TOC

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Classes:

Fields

One of the most basic building blocks of a class is a field. It's just like a variable, which we talked about previously, but defined on the class level instead of the method level. The difference is quite important and it has everything to do with the concept of scopes, which decides from where a variable can be accessed from: A local variable (defined inside a method) can only be accessed from this specific method, while a class field can be accessed from all methods of a class and even from methods in other classes if the visibility allows it.

In other words, the difference between a variable and a field is pretty much where it's declared. A class-level variable is referred to as a field, while a method-level variable is usually just referred to as a variable.

Fields are often declared near the top of the class and their visibility are often set to private (we'll discuss visibility later in this chapter). It could look like this:

public class FieldsSample
{
	private string name;
	....

We now have a class-level variable called "name", which can be accessed from all methods of this class. It can't be accessed from outside the class, but only because we have marked it as private. You are free to declare your fields as protected if you want to access them from derived classes or even public if you want to access them from anywhere, but keep in mind that the recommended way of accessing fields from outside a class is through properties, which we'll discuss in the next article.

In our example above, or "name" variable doesn't have an initial value, meaning that you will have to assign something to it before you can use it. If you already know which value your field should start with, you can easily assign it at the same time as declaring it:

public class FieldsSample
{
	private string name = "John Doe";
	....

As an alternative, you can assign a value to a field in the constructor of the class. This will overwrite any value assigned to the field at the declaration point and will allow you to assign dynamic values.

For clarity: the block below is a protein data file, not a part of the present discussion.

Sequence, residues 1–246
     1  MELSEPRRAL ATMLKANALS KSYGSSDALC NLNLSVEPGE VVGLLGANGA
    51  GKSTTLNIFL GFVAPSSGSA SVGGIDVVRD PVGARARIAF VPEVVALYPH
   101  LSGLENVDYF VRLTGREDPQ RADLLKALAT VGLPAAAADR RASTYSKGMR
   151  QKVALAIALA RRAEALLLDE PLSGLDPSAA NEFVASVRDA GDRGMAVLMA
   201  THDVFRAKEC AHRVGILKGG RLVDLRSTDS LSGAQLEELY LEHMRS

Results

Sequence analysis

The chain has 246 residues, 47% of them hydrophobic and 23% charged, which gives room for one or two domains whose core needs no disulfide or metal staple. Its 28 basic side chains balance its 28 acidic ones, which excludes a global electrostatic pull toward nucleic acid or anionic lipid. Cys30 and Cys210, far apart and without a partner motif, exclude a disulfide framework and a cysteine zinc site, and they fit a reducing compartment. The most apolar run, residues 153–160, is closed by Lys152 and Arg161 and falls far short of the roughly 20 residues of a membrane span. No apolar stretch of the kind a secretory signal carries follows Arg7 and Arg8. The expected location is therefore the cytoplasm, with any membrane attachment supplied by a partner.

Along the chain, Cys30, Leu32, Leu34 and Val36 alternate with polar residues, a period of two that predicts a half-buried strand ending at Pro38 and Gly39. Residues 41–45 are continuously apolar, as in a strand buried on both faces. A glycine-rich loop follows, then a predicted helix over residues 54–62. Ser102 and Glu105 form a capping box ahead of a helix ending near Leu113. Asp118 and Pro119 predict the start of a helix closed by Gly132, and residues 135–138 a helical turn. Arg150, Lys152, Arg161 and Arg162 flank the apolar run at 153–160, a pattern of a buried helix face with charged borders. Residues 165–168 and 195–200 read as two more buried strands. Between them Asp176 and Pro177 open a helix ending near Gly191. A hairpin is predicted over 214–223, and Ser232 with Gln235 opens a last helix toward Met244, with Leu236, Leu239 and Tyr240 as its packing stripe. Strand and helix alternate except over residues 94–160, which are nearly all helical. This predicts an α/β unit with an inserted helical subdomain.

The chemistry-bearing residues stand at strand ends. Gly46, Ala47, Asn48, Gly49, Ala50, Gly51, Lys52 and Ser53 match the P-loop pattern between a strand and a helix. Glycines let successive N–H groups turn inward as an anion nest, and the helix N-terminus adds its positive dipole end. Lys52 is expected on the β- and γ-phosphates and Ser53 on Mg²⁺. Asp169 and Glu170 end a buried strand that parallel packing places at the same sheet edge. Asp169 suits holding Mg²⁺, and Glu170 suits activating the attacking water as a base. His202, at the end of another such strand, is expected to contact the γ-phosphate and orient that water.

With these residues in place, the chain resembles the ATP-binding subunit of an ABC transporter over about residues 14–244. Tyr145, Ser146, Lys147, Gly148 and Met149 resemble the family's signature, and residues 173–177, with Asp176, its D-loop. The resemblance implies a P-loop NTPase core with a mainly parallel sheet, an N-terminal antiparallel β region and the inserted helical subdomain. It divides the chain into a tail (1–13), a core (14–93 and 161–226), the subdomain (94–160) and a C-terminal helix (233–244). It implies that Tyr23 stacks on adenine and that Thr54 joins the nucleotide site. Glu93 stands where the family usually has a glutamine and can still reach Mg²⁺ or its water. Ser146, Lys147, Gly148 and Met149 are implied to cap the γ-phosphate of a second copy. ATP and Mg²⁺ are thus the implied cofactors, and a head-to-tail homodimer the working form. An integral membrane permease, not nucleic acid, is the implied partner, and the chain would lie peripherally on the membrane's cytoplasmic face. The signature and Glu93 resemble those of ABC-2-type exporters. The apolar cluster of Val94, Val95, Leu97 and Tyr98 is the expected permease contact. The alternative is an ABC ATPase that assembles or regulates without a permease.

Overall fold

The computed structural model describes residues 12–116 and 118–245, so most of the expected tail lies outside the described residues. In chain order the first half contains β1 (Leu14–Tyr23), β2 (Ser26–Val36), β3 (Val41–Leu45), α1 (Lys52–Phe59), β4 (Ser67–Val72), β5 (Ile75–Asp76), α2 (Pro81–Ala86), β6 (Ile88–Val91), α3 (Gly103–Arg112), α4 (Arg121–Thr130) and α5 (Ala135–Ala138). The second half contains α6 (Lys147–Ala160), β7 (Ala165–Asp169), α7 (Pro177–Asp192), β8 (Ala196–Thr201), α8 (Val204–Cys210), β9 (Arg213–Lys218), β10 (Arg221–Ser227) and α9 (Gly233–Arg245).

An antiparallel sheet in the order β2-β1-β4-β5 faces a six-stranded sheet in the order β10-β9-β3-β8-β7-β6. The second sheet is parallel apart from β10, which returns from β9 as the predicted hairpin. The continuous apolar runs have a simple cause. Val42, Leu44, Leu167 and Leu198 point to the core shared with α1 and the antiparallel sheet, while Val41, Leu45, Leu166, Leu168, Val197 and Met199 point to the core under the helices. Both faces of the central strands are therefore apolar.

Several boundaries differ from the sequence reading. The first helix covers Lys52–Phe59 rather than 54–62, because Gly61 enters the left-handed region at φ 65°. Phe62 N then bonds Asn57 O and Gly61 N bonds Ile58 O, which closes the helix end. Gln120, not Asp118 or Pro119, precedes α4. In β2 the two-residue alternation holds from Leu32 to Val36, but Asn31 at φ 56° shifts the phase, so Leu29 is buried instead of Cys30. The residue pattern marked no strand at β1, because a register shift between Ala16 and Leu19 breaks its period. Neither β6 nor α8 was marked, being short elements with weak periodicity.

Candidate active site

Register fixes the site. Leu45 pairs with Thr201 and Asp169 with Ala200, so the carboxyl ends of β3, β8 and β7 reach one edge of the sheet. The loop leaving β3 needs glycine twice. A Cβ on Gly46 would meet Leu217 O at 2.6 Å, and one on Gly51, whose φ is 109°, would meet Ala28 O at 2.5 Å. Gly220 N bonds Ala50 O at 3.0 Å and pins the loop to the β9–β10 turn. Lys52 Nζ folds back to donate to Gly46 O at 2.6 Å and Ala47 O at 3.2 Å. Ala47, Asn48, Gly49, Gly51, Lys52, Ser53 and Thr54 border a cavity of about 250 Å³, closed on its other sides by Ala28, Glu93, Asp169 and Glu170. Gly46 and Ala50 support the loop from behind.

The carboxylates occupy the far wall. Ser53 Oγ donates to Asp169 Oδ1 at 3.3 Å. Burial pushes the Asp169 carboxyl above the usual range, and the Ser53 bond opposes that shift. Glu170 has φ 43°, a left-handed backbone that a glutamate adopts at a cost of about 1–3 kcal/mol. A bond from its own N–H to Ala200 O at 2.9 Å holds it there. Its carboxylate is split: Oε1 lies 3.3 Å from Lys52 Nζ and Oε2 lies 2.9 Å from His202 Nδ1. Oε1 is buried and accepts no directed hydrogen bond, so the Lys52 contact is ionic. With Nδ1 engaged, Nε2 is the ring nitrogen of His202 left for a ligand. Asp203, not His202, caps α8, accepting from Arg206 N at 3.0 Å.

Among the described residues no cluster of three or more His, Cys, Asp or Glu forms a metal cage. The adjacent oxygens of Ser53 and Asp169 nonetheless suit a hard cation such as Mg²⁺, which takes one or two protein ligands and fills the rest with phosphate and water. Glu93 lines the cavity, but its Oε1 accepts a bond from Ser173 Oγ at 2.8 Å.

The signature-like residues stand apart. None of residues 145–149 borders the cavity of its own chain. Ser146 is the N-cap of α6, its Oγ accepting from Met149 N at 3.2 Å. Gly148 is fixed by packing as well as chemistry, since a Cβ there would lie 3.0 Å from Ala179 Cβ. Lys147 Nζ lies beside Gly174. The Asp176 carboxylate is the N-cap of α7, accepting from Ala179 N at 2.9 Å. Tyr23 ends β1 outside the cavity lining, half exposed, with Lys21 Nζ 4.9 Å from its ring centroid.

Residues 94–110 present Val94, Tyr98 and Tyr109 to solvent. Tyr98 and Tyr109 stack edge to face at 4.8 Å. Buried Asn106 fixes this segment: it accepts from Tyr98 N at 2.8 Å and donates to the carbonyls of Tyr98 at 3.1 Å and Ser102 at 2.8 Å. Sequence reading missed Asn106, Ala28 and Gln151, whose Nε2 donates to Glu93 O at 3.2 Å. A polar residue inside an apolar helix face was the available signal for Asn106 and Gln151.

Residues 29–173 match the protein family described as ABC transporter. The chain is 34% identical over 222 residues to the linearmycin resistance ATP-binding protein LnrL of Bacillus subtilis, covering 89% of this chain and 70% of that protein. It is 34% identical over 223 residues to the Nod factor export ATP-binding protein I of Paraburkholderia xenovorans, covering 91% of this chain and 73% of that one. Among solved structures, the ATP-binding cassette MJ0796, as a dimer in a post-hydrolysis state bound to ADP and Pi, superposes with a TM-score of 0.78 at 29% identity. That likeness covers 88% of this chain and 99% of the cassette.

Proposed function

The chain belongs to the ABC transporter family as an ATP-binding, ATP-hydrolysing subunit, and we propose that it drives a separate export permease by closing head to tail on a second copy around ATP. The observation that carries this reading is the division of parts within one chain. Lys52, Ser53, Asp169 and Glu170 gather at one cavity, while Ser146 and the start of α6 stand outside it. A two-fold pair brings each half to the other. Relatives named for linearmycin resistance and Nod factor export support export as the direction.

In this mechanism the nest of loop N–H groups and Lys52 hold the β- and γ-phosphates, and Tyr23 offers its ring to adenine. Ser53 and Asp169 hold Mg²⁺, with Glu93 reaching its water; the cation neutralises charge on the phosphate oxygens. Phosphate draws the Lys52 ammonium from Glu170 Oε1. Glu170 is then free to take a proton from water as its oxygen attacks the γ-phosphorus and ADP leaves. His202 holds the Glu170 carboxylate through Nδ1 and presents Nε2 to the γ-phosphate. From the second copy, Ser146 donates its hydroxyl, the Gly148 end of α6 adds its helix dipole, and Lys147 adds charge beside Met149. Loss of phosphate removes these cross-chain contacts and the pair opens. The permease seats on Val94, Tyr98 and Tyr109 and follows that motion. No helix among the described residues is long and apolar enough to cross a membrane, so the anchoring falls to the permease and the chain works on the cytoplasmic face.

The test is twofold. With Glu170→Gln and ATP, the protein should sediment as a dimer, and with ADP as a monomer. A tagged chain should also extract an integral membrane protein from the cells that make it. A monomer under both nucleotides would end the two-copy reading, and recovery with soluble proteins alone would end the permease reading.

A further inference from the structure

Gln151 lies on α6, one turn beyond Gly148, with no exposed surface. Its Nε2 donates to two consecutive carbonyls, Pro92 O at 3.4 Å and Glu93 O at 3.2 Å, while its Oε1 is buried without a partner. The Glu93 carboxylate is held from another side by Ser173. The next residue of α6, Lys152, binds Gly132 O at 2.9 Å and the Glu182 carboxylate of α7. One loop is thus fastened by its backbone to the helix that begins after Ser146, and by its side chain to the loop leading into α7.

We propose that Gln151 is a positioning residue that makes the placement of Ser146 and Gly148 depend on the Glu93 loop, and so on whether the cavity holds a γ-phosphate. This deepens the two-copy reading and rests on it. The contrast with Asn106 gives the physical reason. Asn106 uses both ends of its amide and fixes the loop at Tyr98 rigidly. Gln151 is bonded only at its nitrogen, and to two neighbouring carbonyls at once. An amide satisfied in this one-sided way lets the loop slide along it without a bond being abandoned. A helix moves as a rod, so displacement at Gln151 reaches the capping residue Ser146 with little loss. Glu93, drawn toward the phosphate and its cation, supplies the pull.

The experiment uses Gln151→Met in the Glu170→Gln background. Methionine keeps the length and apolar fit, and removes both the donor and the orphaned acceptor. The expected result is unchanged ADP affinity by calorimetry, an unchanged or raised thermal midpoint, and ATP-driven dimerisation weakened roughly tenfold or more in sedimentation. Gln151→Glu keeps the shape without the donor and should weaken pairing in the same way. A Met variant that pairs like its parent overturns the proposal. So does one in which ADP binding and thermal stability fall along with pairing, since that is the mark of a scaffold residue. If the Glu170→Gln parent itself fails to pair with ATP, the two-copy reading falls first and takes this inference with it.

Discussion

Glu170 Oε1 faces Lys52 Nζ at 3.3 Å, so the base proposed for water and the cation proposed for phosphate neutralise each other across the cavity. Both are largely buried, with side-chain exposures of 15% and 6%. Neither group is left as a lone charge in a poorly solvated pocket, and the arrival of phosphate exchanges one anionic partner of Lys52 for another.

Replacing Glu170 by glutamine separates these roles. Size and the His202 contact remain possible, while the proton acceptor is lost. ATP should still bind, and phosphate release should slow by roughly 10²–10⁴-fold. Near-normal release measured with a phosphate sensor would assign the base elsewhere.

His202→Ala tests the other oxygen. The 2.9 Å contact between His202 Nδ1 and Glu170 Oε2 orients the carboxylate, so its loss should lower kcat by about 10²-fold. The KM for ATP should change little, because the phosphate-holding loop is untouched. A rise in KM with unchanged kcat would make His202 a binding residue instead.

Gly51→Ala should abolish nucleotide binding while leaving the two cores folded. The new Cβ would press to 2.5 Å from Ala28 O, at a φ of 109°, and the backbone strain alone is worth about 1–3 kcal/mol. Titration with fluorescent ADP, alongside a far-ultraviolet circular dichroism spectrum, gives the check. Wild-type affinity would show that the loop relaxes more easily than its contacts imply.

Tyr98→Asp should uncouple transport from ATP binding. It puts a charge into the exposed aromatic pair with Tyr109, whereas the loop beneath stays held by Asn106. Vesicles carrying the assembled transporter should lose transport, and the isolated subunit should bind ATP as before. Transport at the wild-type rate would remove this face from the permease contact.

As we talked about previously, members of a class can be accessed with the dot-notation, like "class.member". However, when we are accessing a member of the current class, we use the "this" keyword, like "this.member". Here's a more complete example where we declare a couple of fields and use them inside a method:

public class Fields1
{
	private string name = "John Doe";
	private int age = 42;

	public void Describe()
	{
		string description = this.name + " is " + this.age + " years old...";
		Console.WriteLine(description);
	}
}

In the Describe() method (and don't worry, we'll get to methods in one of the next articles) we declare a local variable called "description", with a value based on our two declared fields. The "description" variable is a great example of a variable which should always be a variable and never a field: It's temporary and only relevant to the method which uses it, where the fields could easily be relevant in other methods of the class.

Summary

Fields act a bit like global variables because they can be used to store data which can then be accessed from anywhere inside the class. They can be accessed from outside the declaring class as well, but normally, properties are used for this purpose. We'll talk about properties in the next article.

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